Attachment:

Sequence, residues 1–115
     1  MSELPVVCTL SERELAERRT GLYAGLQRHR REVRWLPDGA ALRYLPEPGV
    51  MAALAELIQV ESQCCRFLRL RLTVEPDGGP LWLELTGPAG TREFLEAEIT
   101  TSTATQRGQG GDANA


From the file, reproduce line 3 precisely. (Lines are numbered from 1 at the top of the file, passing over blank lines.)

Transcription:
    51  MAALAELIQV ESQCCRFLRL RLTVEPDGGP LWLELTGPAG TREFLEAEIT